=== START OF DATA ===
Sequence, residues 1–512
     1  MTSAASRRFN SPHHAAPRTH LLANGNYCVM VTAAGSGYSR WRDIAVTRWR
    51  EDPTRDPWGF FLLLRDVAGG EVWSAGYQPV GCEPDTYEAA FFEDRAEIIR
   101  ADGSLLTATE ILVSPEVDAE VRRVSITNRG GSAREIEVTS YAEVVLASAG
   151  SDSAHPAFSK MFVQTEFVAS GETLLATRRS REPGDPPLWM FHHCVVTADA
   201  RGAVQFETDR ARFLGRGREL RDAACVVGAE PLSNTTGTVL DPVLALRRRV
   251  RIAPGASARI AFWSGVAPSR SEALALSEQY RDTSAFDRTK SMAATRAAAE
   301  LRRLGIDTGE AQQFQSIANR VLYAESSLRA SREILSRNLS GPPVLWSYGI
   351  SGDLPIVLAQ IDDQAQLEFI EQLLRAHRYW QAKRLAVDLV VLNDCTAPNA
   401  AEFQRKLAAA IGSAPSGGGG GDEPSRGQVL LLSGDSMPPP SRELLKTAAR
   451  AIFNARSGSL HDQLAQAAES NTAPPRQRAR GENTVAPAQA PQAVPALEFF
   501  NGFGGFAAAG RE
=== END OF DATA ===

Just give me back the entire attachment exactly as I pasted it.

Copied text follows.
Sequence, residues 1–512
     1  MTSAASRRFN SPHHAAPRTH LLANGNYCVM VTAAGSGYSR WRDIAVTRWR
    51  EDPTRDPWGF FLLLRDVAGG EVWSAGYQPV GCEPDTYEAA FFEDRAEIIR
   101  ADGSLLTATE ILVSPEVDAE VRRVSITNRG GSAREIEVTS YAEVVLASAG
   151  SDSAHPAFSK MFVQTEFVAS GETLLATRRS REPGDPPLWM FHHCVVTADA
   201  RGAVQFETDR ARFLGRGREL RDAACVVGAE PLSNTTGTVL DPVLALRRRV
   251  RIAPGASARI AFWSGVAPSR SEALALSEQY RDTSAFDRTK SMAATRAAAE
   301  LRRLGIDTGE AQQFQSIANR VLYAESSLRA SREILSRNLS GPPVLWSYGI
   351  SGDLPIVLAQ IDDQAQLEFI EQLLRAHRYW QAKRLAVDLV VLNDCTAPNA
   401  AEFQRKLAAA IGSAPSGGGG GDEPSRGQVL LLSGDSMPPP SRELLKTAAR
   451  AIFNARSGSL HDQLAQAAES NTAPPRQRAR GENTVAPAQA PQAVPALEFF
   501  NGFGGFAAAG RE